IBM last week ended its eight-month battle with Amazon Web Services over a big CIA cloud contract, but it's pushing ahead with a print, online and outdoor marketing campaign to show how its public cloud is a better choice for enterprises.
With its new campaign, IBM is following the lead of other enterprise cloud vendors in highlighting areas of perceived weakness in AWS.
"Whose cloud powers 270,000 more websites than Amazon? If your answer is IBM, you’re among the well informed," IBM says on a new website set up for the campaign, which launched Monday. "The fact is, the incredibly data-intensive workloads of the highest-performing companies call for something new."
IBM, which spent $2 billion earlier this year to acquire public cloud infrastructure-as-a-service vendor SoftLayer, says that company's dedicated "bare metal" servers help customers avoid the "disruptions" of a shared hardware environment like AWS.
IBM didn’t respond to a request for comment on the new cloud campaign.
On the website, IBM says its cloud is running 30 percent more of the world's "most highly trafficked websites" than AWS and other cloud vendors. "The busiest and most data-intensive companies know that high-traffic, high-demand solutions can cause spikes that adversely impact performance," IBM says on the website.
Amazon couldn't be reached for comment on IBM's campaign. But Amazon does sell what it calls Dedicated Instances, which are Amazon EC2 instances launched in an Amazon Virtual Private Cloud that run hardware that's dedicated to an individual customer.
SoftLayer is now firmly entrenched as the centerpiece of IBM's cloud strategy. IBM is shutting down its SmartCloud Enterprise public cloud IaaS service by Jan. 31, 2014, and will move customers to SoftLayer.
One reason IBM bought SoftLayer is for its 13 global data centers, including ones in the U.S., Singapore and the Netherlands. SoftLayer's pay-as-you-go pricing and fast provisioning made it popular with small and medium businesses, and AWS also has many customers in this segment.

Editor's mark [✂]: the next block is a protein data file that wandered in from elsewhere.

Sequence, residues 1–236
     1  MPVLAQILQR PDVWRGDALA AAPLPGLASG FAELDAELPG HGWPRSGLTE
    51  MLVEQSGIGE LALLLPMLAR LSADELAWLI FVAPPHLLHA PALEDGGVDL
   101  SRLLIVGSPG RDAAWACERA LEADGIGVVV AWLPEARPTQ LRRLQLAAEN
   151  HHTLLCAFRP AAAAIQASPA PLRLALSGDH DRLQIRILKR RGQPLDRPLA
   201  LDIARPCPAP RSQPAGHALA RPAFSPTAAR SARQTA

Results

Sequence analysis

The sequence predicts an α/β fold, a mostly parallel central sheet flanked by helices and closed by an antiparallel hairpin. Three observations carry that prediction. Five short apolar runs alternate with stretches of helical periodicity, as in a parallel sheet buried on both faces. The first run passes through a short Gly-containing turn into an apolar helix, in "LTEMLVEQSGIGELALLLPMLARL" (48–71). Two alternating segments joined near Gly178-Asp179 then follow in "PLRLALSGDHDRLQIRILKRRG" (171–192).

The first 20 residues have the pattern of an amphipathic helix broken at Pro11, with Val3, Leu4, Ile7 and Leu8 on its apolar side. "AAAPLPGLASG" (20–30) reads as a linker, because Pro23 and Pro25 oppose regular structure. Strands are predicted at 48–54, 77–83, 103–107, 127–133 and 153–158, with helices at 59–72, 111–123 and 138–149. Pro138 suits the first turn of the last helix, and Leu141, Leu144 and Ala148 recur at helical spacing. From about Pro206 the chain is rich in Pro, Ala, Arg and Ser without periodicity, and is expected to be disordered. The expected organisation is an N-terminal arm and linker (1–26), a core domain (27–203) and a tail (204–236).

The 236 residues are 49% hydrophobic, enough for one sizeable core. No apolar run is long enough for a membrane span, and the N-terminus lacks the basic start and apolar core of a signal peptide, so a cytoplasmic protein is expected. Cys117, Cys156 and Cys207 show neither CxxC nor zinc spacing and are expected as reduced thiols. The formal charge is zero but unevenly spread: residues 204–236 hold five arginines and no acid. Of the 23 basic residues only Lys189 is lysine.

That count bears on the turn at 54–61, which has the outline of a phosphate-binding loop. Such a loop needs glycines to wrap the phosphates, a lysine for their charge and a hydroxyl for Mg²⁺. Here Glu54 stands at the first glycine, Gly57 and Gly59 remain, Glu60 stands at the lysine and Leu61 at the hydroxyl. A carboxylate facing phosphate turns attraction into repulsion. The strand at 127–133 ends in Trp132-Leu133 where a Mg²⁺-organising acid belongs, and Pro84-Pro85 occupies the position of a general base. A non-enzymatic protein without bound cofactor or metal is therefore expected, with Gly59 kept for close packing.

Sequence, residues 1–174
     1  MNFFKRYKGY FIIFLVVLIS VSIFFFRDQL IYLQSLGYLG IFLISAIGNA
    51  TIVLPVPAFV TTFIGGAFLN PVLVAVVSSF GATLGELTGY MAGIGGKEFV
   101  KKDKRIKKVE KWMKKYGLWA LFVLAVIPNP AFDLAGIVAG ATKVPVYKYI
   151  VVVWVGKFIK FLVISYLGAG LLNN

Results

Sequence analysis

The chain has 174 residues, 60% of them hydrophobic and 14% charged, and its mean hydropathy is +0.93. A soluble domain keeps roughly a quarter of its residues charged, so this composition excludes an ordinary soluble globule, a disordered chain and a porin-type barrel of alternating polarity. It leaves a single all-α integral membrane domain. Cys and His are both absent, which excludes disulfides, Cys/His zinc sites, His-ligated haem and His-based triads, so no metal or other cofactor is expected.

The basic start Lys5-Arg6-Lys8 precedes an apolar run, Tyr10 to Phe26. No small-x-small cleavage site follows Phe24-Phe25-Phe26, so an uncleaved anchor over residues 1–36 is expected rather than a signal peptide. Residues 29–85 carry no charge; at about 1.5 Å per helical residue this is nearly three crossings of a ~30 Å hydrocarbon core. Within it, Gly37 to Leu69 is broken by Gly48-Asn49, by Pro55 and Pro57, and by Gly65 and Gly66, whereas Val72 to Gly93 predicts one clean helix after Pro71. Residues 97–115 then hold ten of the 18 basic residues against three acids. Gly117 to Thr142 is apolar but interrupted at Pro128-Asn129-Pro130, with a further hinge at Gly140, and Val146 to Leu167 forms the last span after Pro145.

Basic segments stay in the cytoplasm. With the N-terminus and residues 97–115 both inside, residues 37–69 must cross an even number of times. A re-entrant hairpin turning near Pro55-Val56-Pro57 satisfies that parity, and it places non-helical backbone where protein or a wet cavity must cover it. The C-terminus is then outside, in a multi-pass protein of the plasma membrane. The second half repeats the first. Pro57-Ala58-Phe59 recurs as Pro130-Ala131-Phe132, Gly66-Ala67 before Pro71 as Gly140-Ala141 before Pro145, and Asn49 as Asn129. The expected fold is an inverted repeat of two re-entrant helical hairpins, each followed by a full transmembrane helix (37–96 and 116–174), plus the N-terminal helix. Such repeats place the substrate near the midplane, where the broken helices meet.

While IBM's software runs on the AWS cloud, customers that run it on IBM's SoftLayer cloud will have better support if problems arise, Michael Porter, principal of the portal and social practice at Perficient, a St. Louis-based IBM partner, told CRN.
With SoftLayer, IBM is now offering customers and partners a more flexible option than SmartCloud Enterprise, Porter said.
NEXT: IBM Cloud Computing Revenue Grows But Services Lags
In Gartner's annual Magic Quadrant report in August, it described SoftLayer as a "thought leader in automated, highly standardized infrastructure services" with per-instance, paid-by-the-hour pricing and automatic response to system failures.
IBM last month said cloud computing revenue grew 70 percent in its fiscal third quarter, surpassing the $1 billion mark for the first time. But only $460 million of this came from cloud services, while the rest was hardware, software and services. Plus, weak hardware sales caused IBM to miss its quarterly revenue forecast by $1 billion.
Despite losing the CIA deal, IBM has had some good news on the cloud front lately. It inked a 10-year, $1 billion cloud deal with the Department of the Interior in August and landed a $30 million cloud contract with the General Services Administration last month. IBM says it's aiming for $7 billion in annual cloud revenues by 2015.
Meanwhile, in Amazon's third quarter, North America sales in its "Other" category, which is mostly AWS, grew 56 percent year-over-year to $1.01 billion.
PUBLISHED NOV. 5, 2013